I make no  pretence to understand the internal workings of Maltese politics but I am told that the Prime Minister of Malta is not in favour of divorce. What is he to do then given the tragic referendum result? It seems there is a very good answer to this question which also points the way to the elimination of divorce in other countries. The idea of ‘permitting divorce’ is of course completely disingenuous. Marriage is an indissoluble contract whereby the parties unite their property and undertake to live a common life for the sake of procreation. Other than to recognise and reward the fact (a fact quite beyond its power or jurisdiction) what business is it of the state that a man and a woman enter into such a contract? ‘Permitting divorce’ is a euphemism for ‘prohibiting marriage’ which the state has no power to do. Nevertheless in purporting to do so it officially encourages its citizens to betray their children and break their solemn word.

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The only intelligible sense which could be given to a request that the state ‘permit divorce’ therefore is as request that the state recognise and reward dissoluble contracts whereby the parties unite their property and undertake to live a common life for the sake of procreation. Fine, a stupid idea but not impossible. But there is no reason why this should entail withdrawing recognition from indissoluble contracts (i.e. marriages). Let the Maltese state create new dissoluble civil partnerships by which those who wish to reserve the right to betray their children and break their solemn word while they fornicate may be rewarded for doing so. There is no need to prohibit the rest of the citizenry from entering into real marriages or cease to recognise and reward them for doing so. The church of course would not recognise or permit the faithful to enter into the new dissoluble civil partnerships. This twofold system could be introduced anywhere where now ‘divorce is permitted’.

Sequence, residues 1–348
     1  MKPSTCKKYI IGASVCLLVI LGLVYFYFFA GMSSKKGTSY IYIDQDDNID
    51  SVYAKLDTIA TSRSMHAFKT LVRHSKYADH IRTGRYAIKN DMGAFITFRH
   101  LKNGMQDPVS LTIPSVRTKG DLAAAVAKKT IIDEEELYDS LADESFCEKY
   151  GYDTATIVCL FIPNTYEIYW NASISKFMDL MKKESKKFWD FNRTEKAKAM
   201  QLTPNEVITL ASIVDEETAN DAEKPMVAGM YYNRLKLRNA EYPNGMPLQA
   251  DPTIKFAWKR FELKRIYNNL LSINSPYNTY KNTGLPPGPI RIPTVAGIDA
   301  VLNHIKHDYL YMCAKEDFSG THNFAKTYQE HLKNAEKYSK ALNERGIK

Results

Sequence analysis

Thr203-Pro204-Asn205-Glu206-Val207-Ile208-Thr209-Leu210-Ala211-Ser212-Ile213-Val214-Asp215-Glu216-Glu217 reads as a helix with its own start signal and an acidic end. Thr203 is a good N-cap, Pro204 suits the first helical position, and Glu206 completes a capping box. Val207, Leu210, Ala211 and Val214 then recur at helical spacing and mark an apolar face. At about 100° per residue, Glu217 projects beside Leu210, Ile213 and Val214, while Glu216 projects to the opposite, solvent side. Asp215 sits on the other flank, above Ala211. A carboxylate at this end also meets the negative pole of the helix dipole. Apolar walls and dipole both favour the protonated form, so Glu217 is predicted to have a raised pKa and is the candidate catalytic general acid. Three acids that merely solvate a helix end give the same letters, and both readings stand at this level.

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What then of those Maltese couples who are already in state recognised marriages, are these to be treated as dissoluble or indissoluble? There seems to be an easy solution to this. In the event that either party requests a divorce one need only ask the other party whether she (‘she’ for the sake of the example) wishes to be allowed to remarry. If she does then the property can be split down the middle and both permitted to enter into dissoluble civil partnerships with others (but obviously not to contract an indissoluble one). If she does not then she should be given all her husband’s property as she at least has kept her side of the contract. Such an arrangement seems eminently fair and that after all is all one can ask as the law of contract is really just a matter of the state enforcing natural justice. The state has no properly legislative initiative in this area at all.

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With such an arrangement instead of sinking into line with the rest of the world (for which Christ did not pray) Malta can lead the way in bringing Europe back to natural justice.

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